Date of Award

12-1-2014

Degree Name

Master of Arts

Department

Anthropology

First Advisor

Welch, Paul

Abstract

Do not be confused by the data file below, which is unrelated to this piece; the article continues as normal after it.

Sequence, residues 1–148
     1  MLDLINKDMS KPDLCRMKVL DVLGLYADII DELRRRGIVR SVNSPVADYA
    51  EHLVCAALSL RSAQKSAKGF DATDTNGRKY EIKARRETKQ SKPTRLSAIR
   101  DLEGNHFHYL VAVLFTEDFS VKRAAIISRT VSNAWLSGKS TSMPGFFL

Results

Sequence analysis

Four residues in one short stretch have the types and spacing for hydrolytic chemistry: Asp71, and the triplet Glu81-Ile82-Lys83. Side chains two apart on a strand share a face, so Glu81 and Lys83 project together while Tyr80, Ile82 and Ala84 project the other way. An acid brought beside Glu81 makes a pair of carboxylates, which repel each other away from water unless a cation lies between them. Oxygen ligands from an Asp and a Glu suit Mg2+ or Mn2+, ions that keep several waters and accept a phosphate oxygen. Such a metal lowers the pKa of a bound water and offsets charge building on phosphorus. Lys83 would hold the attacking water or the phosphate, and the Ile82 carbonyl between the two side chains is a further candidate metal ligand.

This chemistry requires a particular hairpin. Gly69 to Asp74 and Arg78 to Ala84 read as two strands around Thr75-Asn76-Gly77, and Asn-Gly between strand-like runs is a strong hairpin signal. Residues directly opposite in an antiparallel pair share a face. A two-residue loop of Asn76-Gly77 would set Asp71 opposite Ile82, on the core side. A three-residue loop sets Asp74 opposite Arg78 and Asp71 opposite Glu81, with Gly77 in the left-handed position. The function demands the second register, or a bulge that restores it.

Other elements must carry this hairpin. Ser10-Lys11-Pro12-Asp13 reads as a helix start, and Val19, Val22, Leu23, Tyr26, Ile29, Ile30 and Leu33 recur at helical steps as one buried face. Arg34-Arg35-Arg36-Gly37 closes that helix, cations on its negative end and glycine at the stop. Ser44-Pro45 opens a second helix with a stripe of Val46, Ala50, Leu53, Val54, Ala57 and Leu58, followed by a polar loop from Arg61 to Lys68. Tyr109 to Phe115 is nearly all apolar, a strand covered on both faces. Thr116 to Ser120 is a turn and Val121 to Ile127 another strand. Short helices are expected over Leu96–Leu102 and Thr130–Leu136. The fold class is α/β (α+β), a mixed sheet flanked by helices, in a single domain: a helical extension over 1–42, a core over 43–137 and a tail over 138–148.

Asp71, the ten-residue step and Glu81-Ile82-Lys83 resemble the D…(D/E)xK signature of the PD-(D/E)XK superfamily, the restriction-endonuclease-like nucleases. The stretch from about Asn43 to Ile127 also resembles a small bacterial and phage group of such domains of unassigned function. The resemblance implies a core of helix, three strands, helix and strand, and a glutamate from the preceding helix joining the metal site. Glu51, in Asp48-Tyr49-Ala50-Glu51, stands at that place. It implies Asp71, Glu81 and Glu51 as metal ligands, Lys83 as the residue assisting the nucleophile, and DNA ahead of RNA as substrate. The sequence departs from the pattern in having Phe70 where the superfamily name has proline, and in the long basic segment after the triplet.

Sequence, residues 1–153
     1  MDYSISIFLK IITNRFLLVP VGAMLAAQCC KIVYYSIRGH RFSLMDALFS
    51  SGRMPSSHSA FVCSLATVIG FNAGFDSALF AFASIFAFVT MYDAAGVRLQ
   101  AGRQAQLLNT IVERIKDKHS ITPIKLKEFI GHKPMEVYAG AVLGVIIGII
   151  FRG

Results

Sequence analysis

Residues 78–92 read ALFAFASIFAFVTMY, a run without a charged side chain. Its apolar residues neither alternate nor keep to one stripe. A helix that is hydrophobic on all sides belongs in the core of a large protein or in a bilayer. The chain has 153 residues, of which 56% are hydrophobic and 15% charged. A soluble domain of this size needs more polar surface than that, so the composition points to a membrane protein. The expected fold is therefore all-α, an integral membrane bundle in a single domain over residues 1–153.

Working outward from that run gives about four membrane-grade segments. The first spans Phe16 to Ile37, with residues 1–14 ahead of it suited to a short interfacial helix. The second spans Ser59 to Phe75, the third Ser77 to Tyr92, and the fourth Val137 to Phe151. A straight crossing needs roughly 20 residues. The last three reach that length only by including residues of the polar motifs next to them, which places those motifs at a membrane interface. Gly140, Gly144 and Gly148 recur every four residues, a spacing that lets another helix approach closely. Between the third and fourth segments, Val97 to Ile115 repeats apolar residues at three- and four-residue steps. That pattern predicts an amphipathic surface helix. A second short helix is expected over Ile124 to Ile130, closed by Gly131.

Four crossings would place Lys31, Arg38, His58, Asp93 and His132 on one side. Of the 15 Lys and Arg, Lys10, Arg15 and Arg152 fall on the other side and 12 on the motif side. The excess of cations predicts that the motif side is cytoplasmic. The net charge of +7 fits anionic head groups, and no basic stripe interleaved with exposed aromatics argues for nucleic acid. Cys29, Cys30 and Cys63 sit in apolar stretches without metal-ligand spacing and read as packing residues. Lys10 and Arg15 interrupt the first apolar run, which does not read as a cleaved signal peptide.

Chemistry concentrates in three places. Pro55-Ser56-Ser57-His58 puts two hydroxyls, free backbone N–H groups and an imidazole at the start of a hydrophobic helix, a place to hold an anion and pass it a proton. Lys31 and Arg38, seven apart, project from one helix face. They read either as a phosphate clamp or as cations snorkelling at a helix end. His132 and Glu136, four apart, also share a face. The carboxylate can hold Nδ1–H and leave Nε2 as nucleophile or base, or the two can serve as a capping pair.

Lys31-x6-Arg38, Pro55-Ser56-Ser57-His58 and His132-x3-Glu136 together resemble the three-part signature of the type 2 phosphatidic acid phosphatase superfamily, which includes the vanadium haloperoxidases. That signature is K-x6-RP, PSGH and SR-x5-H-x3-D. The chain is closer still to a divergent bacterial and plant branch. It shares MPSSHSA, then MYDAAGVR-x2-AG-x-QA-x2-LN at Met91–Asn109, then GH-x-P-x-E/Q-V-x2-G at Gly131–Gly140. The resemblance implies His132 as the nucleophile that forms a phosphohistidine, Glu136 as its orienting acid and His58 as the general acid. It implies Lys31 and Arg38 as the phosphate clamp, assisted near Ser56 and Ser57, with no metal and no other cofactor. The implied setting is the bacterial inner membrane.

Conventions of Culture-Historical archaeology have persisted in Florida's Indian River Region since the early twentieth century. Traditional ceramic typologies focusing on the superficial stylistic characteristics of pottery have dominated anthropological assessments of Indian River culture during the prehistoric Malabar Period (ca. 1000 BC-AD 1565). Using a practice-oriented approach to analyze technological attributes of St. Johns pottery from Malabar-period assemblages offers an opportunity to examine the communities of practice surrounding craft production as an avenue for elucidating prehistoric cultural identities. This study explores ceramic technology within the Malabar period assemblages of the Fox Lake Sanctuary, and intra-regional and inter-regional site comparisons are quantitatively tested to evaluate variation in technological attributes between assemblages. Statistical results suggest a differentiation between certain technological attributes of St. Johns pottery in Malabar and St. Johns assemblages, notably in the rim thickness and lip morphology of simple form St. Johns Plain vessels.

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